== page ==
With the state of air travel today, you will be lucky if the flight takes off at all, much less on time. My advice is to expect the unexpected and come to the airport prepared. Most important: Buy the kids their own seats. (Yes, it's tempting to save money by having that little one ride in your lap, but believe me, it's almost always a bad idea.) Make sure the kids have plenty to drink; good hydration will help them cope with the cabin pressurization. Set the expectations for behavior before you leave for the airport, and for heaven's sake, have plenty for them to do.
Are they old enough to own or borrow an iPod? Do they know how to use one? We downloaded a full-length movie to my son's video iPod for our last trip; a $4 headphone splitter from Radio Shack allowed his sister to listen, too, and they were both entertained for more than two hours. Battery-operated Game Boys and P2Ps are also fantastic time passers. Sudoku, word-find games, crossword puzzles, crayons and coloring books are all outstanding investments for a long trip (also plain old books, if the kids are already reading). If it is an especially long flight, ask your travel professional about the onboard entertainment; there might be a built-in gaming console at the kids' seats. (This was the case on the Cathay Pacific flight I took with my son to China a few years back, and it was a godsend.)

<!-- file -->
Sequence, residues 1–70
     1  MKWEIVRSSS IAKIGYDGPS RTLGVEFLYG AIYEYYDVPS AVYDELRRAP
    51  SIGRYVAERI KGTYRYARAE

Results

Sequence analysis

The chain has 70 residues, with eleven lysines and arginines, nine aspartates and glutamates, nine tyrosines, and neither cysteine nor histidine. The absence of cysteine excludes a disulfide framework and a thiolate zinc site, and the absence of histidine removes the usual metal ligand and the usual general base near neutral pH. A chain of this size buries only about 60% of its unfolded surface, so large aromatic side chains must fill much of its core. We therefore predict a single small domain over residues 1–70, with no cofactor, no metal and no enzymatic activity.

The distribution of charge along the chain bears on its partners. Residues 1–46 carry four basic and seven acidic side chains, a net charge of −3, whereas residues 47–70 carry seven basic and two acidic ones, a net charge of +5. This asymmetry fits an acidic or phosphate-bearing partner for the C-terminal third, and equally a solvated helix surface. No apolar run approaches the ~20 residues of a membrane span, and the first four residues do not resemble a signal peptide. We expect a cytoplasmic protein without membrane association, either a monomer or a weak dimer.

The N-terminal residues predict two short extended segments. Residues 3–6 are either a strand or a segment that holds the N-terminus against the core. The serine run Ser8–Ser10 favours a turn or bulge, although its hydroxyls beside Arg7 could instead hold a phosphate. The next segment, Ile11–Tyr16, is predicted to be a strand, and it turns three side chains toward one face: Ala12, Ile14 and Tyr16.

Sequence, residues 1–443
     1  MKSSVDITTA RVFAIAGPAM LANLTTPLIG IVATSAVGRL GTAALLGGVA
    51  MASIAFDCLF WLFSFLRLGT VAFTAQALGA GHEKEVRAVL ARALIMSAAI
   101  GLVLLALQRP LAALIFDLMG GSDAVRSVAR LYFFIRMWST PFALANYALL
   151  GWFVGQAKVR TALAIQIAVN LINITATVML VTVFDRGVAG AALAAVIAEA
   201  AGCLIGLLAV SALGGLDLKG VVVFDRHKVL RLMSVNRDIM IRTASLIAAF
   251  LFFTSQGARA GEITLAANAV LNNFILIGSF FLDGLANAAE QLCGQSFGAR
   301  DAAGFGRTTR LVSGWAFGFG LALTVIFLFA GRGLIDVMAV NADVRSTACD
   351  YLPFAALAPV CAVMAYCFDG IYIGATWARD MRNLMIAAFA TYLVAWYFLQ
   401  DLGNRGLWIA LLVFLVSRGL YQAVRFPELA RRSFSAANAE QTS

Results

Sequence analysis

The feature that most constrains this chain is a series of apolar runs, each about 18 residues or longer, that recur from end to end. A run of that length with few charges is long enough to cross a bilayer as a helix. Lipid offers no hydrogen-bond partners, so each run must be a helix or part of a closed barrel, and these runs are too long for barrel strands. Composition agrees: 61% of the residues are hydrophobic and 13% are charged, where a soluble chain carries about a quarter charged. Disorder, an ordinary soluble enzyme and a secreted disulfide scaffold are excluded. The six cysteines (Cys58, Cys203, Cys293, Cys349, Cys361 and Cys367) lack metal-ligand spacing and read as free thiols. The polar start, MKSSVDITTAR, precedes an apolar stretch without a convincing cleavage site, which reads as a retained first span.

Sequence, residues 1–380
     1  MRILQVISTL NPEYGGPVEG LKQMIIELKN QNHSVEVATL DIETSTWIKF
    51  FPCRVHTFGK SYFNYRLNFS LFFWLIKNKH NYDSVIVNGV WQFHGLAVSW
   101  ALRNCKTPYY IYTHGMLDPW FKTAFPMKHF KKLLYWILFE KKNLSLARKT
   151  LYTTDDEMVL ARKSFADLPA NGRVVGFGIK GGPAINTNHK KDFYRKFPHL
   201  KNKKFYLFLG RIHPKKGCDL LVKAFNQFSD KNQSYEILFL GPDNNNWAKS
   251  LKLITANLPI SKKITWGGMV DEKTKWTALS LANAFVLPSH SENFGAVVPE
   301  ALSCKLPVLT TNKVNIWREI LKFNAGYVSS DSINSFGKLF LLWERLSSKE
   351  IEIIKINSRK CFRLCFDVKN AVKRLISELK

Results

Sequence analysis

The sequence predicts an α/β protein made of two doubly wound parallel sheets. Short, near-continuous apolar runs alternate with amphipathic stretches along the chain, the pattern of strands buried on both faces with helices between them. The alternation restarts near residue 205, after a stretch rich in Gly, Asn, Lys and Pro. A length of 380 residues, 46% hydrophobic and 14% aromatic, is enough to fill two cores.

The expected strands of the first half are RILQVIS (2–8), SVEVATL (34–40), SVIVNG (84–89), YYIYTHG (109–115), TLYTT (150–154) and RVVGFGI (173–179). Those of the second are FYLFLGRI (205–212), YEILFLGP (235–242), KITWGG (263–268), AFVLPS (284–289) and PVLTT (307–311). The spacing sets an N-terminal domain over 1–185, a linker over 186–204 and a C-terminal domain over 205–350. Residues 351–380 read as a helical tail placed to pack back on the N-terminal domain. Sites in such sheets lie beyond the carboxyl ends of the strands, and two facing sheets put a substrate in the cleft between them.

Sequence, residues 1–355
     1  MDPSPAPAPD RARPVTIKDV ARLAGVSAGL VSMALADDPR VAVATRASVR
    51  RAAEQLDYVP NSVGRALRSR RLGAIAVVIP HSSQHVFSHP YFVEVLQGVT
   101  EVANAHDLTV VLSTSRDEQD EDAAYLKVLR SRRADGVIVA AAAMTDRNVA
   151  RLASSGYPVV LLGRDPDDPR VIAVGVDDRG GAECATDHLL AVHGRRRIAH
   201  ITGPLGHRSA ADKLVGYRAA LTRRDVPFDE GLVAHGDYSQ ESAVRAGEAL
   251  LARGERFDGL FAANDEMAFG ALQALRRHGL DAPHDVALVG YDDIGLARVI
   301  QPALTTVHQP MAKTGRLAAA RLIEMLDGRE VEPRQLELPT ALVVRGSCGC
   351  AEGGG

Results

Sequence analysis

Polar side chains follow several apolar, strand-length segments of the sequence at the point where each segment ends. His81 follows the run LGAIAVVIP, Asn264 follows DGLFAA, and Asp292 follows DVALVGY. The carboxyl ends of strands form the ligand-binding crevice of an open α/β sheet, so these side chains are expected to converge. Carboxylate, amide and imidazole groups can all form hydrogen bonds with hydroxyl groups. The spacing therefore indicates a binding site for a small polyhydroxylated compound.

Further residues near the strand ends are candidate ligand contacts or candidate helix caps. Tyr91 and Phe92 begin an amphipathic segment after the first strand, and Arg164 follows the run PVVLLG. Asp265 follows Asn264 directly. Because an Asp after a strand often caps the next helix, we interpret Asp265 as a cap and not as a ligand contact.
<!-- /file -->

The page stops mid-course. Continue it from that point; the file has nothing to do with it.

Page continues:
5. Is there a way to make everyone happy on a vacation — two adults, a teenage son, an 8-year-old daughter and our 2-year-old?